René Bérenger

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René Bérenger, born in Bourg-lès-Valence (Drôme) on 22 April 1830 and died Alincourt (Ardennes) on 29 August 1915, was a French lawyer, judge, and politician.


He was the son of Alphonse-Marie-Marcellin-Thomas Bérenger, and followed his father into the legal profession. At the outbreak of the Franco-Prussian War in 1870, he was Avocat général of Lyon but resigned to enlist as a volunteer. He was wounded at Nuits on 28 December[1] and was later awarded the Legion of Honour.[2]

Returned to the National Assembly by the département of Drôme, he was for a few days in 1873 minister of public works under Jules Armand Dufaure. He then was made a Senator for life, and was vice president of the French Senate from 1894 to 1897.[1]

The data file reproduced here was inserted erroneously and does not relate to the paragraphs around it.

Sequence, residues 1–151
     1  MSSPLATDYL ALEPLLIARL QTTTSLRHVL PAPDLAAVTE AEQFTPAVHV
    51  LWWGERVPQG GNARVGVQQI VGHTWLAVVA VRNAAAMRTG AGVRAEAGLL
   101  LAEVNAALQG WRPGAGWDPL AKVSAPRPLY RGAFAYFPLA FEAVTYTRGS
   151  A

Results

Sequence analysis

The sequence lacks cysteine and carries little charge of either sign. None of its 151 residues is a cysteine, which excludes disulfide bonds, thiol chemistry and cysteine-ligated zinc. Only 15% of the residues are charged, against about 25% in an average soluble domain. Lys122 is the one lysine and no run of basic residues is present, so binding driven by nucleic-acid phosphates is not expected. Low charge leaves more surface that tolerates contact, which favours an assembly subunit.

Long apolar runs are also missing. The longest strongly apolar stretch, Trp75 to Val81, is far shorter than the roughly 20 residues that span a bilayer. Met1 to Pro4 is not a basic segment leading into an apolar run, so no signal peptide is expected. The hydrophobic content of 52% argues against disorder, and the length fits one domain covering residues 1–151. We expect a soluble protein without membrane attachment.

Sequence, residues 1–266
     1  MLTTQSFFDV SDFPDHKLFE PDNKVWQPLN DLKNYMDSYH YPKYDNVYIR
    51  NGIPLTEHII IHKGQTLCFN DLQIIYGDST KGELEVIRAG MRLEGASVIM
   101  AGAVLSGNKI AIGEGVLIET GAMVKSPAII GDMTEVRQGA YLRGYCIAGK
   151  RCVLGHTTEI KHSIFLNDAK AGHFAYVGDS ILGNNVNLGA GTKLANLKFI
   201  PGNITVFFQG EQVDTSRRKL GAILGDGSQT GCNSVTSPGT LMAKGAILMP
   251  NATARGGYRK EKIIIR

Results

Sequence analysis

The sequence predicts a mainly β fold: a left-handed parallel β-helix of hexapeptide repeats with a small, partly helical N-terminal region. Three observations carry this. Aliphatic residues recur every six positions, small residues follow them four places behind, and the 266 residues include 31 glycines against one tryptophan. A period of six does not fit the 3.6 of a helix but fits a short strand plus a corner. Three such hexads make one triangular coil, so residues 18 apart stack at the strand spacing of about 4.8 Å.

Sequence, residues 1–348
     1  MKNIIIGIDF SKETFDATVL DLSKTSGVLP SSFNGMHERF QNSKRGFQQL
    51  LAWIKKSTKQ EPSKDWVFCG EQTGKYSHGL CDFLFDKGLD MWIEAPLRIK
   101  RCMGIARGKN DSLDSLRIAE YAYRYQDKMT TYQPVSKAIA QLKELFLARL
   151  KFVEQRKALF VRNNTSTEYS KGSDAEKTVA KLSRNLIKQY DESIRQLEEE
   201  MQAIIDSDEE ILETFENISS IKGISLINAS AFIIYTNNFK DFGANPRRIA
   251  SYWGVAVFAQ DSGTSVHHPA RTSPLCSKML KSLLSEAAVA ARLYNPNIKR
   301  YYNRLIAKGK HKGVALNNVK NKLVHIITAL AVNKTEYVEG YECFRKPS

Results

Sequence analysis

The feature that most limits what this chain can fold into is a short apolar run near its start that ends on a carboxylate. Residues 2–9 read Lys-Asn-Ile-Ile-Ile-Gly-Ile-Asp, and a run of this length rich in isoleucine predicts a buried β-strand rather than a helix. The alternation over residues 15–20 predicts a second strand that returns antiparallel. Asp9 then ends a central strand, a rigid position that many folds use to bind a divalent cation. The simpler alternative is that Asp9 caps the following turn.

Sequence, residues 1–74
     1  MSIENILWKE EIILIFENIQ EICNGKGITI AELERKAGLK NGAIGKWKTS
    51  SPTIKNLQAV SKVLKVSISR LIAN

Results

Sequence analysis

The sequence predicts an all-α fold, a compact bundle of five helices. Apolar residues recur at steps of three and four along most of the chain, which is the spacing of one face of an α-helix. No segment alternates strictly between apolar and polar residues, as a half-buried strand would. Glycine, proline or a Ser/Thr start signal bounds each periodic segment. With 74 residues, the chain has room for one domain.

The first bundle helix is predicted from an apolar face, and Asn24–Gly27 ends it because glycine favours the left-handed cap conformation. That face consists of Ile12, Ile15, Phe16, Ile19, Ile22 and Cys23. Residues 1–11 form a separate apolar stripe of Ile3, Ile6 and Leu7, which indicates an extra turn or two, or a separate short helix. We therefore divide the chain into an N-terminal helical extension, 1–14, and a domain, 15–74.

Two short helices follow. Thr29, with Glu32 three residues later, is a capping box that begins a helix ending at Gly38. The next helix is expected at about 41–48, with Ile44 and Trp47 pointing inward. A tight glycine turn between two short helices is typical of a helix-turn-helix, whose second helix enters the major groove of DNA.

In 1871 he founded a society for the reclamation of discharged prisoners, and presided over various bodies formed to secure improvement of the public morals. He succeeded Charles Lucas in 1890 at the Académie des Sciences Morales et Politiques.[1] Laws introduced in 1885 and 1891 that bear his name concern, respectively, parole and suspended sentences.[3]


  1. ^ a b c  One or more of the preceding sentences incorporates text from a publication now in the public domainChisholm, Hugh, ed. (1911). "Bérenger, Alphonse Marie Marcellin Thomas". Encyclopædia Britannica. 3 (11th ed.). Cambridge University Press. p. 769. 
  2. ^ Émile de Marcère, L'Assemblée nationale de 1871. Gouvernement de M. Thiers, Plon, 1904, p. 305
  3. ^ Jean-Lucien Sanchez, Les lois Bérenger (lois du 14 août 1885 et du 26 mars 1891), Criminocorpus, 2005.